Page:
Things are continuing to progress slowly in the field since my last article. Around the first of February I made a trip across Arkansas over into Mississippi. I remember thinking that “a lot of burn-down herbicide had been applied.” I made the same trip a couple of weeks ago and thought to myself that “a lot of burn-down herbicide had been applied!” That was about it.

I saw perhaps a dozen corn fields that had been planted and otherwise very little ground was even worked. By the phone calls I’ve received this week, there has been a two-day flurry of rice and corn planting on the lighter-textured soils, but another general rain is on the horizon.

You are likely thinking, “Doc, I know that — I am one of those with nothing done!” Cheer up. We are going to be fine. We are just now getting into the prime recommended planting dates for most of our crops. Everyone is referencing last year when it warmed up sooner than I can ever remember, and we just need to get last year off the brain.

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We are all into an early as possible mentality. However, there can also be advantages to planting when the soils have warmed up more. I keep telling that to folks who have called me, bummed out. If it were mid- to late May, I would be extremely concerned, but it is mid-April and there is no cause for panic yet.

The weather has messed up my writing as well. Every week I think the season will have progressed for the next article, and it has not happened. Like many of you, I find myself at the same place this week as the week before. I am confident though that things are fixing to break loose big time.

I have had a few calls lately on how to kill emerged corn before replanting. I hope there will not be many of these. The best treatment is Gramoxone with a photosynthetic inhibitor herbicide in it to slow it down. Gramoxone with 3 to 4 ounces of Sencor or metribuzin works well. Surprisingly, Gramoxone plus atrazine also works well.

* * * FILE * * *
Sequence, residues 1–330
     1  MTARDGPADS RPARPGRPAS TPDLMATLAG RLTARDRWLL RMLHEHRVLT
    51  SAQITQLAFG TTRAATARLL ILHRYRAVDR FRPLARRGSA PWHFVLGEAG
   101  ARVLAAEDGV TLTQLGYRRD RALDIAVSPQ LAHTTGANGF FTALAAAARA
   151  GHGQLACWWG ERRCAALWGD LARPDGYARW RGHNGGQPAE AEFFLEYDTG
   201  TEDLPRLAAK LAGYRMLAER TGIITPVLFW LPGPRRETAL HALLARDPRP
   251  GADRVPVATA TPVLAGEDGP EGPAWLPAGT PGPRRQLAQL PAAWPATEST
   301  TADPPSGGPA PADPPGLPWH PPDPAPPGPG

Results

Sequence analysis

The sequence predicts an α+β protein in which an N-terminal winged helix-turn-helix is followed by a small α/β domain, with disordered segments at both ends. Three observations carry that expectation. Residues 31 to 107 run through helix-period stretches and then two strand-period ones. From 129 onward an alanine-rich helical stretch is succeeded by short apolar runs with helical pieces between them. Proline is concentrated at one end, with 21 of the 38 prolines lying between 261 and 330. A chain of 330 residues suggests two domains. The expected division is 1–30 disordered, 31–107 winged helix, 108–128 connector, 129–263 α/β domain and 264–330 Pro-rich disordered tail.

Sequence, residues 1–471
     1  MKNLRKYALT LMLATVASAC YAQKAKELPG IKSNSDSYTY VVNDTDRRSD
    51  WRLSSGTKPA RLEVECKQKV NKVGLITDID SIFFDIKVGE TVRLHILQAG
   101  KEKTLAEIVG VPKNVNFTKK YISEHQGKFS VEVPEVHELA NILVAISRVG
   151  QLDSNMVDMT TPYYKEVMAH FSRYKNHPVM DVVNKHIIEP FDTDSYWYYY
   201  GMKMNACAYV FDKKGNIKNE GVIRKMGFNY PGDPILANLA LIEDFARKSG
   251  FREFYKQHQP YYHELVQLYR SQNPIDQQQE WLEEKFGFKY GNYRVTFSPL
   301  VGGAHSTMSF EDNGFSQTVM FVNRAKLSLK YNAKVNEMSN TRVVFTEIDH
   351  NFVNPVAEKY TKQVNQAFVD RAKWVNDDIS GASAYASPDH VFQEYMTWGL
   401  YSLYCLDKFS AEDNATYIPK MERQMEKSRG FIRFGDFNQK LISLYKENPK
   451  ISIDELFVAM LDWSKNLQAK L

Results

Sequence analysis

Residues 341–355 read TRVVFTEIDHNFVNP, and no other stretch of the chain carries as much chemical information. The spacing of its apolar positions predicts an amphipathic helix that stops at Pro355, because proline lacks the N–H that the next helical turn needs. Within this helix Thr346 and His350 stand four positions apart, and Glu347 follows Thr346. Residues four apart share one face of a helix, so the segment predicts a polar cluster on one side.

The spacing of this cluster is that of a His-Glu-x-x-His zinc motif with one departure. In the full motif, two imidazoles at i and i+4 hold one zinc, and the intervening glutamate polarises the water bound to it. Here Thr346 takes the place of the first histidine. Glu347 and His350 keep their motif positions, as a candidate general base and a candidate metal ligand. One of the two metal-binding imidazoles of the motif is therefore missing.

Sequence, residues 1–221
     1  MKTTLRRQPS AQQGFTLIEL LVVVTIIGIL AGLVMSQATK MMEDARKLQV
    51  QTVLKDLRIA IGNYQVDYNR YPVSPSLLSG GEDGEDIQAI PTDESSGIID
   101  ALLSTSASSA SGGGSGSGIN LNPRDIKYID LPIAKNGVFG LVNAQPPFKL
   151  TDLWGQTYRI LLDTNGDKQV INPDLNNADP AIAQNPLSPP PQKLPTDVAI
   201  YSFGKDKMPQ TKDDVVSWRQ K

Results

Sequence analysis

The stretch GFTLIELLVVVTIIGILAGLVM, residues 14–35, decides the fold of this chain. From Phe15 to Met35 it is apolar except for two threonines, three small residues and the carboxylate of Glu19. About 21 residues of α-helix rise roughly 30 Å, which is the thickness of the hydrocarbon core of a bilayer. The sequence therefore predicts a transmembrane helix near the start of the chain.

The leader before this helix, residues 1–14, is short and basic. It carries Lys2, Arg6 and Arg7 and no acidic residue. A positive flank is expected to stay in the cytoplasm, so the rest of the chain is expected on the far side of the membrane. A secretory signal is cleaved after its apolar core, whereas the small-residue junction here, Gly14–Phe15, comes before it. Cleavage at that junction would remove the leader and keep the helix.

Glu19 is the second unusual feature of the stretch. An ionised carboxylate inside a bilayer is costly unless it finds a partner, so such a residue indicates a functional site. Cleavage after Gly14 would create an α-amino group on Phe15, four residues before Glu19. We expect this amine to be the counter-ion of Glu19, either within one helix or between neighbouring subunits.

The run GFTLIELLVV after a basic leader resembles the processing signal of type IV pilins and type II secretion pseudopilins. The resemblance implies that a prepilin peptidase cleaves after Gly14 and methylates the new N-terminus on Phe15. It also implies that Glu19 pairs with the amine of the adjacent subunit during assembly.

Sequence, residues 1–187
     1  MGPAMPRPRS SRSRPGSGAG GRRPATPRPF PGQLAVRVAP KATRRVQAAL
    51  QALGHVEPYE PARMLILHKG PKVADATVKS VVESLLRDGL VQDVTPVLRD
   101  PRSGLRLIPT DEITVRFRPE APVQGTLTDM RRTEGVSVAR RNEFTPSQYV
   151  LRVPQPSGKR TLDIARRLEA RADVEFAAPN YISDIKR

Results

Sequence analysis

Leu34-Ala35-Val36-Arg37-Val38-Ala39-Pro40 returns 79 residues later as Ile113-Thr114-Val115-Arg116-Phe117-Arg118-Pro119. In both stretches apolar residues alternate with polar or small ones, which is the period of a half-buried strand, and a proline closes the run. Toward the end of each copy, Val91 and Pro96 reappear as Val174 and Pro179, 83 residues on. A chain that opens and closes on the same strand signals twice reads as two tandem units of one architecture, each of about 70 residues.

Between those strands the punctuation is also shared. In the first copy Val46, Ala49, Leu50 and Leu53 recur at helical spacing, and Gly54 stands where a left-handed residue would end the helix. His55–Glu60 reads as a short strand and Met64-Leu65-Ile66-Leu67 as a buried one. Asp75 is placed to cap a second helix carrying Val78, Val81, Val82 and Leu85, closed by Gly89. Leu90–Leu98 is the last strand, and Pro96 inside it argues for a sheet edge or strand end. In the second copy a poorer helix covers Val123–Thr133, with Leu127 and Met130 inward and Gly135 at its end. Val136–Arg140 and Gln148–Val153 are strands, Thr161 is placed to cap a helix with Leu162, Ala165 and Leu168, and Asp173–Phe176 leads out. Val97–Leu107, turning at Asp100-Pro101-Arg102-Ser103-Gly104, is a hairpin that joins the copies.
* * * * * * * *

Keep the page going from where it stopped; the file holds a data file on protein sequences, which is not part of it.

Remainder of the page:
Where growers have wanted the option to replant to soybeans I have recommended the metribuzin option. Where they were going back to corn, atrazine will provide the desired effect on the Gramoxone and also serve as a pre-emergence treatment. If you apply Gramoxone alone it will burn the corn to the ground and you will think for about a week you nailed it. However, most will re-grow.

The amount of burn-down herbicide that has been applied will pay off when the fields dry, even if you are going to work the ground. The fields that have had no burn-down herbicides applied are getting pretty woolly. This will require a lot of tillage and often loss of moisture (seems strange to say right now). Regardless of the crop to be planted, a basic principle is to start clean. Unfortunately the day is gone when we could plant into anything we wanted to and count on glyphosate to kill everything out there.

One thing that was very obvious on my recent trip was the increase in resistant ryegrass. When you see the fields with dead ryegrass mixed with clumps that are unaffected, you do not need to have them tested. A lot of the fields I observed just had scattered clumps of resistant plants. In another couple of years, all of our ryegrass will be resistant and that will make things more difficult. Big glyphosate-resistant ryegrass is very difficult to control with herbicides or tillage. Controlling ryegrass is going to require an increase in fall-applied residual herbicides.

Start clean whether with herbicides, tillage, or both. Gramoxone is becoming the herbicide of necessity again. I never recommend it without a photosynthetic inhibitor herbicide as I described above. Just match the herbicide to the crop — metribuzin for soybeans, atrazine for corn, and Direx or Cotoran for cotton. Those will make the Gramoxone work and provide residual.

 

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